Matthew Ballou looks at Richard Diebenkorn's Ocean Park paintings through the lens of "provisional painting."
Ballou writes that "To get a clear view of Diebenkorn's connection with provisionality one must think about the sense of compositional balance exemplified in the Ocean Park Series. It is a balance that is hard-won yet still teetering on the edge of disarray. Though the works are in some ways locked, they flicker and undulate; these are compositions that don’t always feel as if rightness was absolutely achieved."
[IMAGES] Installation photos from the exhibition Provisional Painting on view at Modern Art London through May 25, 2011.
The exhibition, curated by Raphael Rubinstein, takes it's title and premise from Rubinstein's 2009 essay "Provisional Painting" in which he writes: "Provisional painting is not about making 'last paintings', nor is it about the deconstruction of the medium. What the various works in the show share is neither style nor content, neither techniques nor materials, but rather a profound willingness to suspend closure, to leave painting open."
Starting with James Lord's observations of Giacometti's intense process, a process that ended in abandonment, Rubinstein tests the theory of "provisional painting," asking: "What does it mean to believe that in order to create a work of art one must entertain the 'permanent possibility' of abandoning and to believe that something called 'freedom' inheres in this situation?"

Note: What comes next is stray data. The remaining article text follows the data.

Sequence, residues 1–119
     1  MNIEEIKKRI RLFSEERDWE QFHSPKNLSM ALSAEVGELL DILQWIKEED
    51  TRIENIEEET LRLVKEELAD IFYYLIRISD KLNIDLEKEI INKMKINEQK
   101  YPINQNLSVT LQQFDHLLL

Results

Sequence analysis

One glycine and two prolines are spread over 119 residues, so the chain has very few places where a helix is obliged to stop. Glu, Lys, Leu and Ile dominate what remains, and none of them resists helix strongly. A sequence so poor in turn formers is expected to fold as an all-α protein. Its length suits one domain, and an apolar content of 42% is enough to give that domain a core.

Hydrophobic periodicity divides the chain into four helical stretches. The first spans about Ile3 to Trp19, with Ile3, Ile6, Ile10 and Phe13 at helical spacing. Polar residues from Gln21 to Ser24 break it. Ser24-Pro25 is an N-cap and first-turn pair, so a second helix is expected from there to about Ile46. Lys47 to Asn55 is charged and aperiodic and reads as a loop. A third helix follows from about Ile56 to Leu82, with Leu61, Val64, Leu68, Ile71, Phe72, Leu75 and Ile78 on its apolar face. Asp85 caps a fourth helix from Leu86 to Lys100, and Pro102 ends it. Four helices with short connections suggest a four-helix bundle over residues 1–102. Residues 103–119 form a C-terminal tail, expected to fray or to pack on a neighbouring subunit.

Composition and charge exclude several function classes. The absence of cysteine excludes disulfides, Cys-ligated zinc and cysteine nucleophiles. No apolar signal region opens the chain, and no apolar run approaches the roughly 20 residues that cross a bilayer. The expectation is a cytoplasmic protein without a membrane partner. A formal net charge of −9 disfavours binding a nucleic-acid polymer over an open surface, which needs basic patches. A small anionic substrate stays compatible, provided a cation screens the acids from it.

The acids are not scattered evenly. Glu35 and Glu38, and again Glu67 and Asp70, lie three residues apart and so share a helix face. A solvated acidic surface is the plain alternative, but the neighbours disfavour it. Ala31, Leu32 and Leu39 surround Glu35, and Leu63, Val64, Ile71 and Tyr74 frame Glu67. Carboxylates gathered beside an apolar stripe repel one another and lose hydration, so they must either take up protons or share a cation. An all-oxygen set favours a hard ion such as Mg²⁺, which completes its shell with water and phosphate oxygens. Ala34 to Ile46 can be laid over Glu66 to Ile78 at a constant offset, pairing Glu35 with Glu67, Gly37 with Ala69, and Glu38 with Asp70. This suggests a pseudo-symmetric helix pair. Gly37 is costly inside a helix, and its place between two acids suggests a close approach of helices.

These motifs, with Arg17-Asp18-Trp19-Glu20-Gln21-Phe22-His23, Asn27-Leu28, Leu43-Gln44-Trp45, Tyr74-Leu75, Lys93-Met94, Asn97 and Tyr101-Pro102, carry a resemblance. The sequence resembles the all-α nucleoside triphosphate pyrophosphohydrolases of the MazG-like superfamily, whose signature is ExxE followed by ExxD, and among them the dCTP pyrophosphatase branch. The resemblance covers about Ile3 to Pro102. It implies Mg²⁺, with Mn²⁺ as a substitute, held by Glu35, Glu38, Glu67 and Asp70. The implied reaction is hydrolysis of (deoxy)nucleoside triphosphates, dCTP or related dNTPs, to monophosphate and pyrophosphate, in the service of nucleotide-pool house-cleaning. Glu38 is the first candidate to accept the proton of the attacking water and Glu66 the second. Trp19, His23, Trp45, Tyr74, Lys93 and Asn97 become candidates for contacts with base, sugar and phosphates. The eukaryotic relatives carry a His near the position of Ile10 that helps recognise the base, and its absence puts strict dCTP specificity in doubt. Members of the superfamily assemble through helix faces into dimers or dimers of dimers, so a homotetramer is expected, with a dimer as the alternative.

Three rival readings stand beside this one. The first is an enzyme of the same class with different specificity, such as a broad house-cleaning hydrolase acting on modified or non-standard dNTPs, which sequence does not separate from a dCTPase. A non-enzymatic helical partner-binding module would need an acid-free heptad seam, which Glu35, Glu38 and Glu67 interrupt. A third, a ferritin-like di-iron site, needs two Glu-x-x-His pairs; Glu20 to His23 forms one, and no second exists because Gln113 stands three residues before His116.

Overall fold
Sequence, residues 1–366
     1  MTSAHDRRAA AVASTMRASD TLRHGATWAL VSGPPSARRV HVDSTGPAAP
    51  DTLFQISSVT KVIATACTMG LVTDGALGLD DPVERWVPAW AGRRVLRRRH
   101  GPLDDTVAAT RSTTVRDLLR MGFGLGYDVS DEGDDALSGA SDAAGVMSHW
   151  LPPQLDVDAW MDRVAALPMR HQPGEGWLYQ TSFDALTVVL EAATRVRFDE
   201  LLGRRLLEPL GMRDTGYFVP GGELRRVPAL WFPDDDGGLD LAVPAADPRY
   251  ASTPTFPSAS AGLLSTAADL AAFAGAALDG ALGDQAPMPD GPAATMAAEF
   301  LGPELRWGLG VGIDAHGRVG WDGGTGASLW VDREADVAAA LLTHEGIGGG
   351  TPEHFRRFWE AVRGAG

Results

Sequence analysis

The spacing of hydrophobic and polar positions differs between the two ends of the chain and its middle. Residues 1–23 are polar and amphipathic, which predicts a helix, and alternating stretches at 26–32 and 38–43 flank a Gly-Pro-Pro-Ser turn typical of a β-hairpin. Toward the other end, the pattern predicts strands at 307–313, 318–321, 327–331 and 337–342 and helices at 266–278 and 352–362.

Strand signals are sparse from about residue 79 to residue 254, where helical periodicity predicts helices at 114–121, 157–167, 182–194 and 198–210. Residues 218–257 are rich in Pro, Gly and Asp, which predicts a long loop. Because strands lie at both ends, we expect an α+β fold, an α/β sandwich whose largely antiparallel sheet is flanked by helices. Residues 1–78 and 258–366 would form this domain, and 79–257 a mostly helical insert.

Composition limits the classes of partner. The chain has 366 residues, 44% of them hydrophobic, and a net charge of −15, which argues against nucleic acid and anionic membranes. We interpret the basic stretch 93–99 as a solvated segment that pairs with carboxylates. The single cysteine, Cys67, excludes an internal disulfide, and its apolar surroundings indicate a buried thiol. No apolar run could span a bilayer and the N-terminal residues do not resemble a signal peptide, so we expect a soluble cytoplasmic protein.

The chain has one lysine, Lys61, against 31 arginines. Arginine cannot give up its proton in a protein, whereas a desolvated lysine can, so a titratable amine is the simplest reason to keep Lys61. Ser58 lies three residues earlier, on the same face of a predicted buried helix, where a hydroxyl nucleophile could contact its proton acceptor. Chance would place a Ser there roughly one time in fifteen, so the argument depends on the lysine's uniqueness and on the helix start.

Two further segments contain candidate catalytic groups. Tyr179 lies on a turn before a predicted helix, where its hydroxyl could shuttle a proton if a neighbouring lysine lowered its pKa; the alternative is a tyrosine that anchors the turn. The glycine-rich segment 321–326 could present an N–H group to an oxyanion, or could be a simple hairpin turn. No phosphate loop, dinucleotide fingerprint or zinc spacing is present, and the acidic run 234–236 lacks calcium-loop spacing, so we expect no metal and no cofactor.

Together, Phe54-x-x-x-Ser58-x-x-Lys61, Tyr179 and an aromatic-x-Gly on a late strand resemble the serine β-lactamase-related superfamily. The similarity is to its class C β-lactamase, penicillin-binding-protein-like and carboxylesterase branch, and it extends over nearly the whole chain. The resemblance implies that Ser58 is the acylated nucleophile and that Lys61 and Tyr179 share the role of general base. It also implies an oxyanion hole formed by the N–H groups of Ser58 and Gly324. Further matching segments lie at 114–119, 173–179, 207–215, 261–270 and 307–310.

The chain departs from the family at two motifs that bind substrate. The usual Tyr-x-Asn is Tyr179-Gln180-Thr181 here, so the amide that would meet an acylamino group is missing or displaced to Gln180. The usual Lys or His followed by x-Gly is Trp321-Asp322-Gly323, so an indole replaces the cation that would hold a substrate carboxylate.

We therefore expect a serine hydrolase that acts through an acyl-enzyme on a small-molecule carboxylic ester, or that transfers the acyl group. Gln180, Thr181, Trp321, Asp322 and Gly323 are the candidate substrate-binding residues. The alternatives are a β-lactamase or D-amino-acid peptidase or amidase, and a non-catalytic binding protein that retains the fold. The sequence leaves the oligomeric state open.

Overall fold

Deborah Barlow posts about the paintings on view at the multi-venue art exhibition Pacific Standard Time, including paintings by Ed Moses, John Altoon, Lee Mullican, Mary Corse, Richard Diebenkorn, Ronald Davis, and Sam Francis.
Barlow writes that "The experience (of the exhibitions) as it turns out is even more overwhelming and implication-rich than I imagined... And even though I spent my early life on the West Coast and am very familiar with the work of many of these California artists, the visual impact still has me feeling a bit too dizzied to offer a linear account."
Edited by artist Brett Baker, Painters' Table highlights writing from the painting blogosphere as it is published and serves as a platform for exploring blogs that focus primarily on the subject of painting.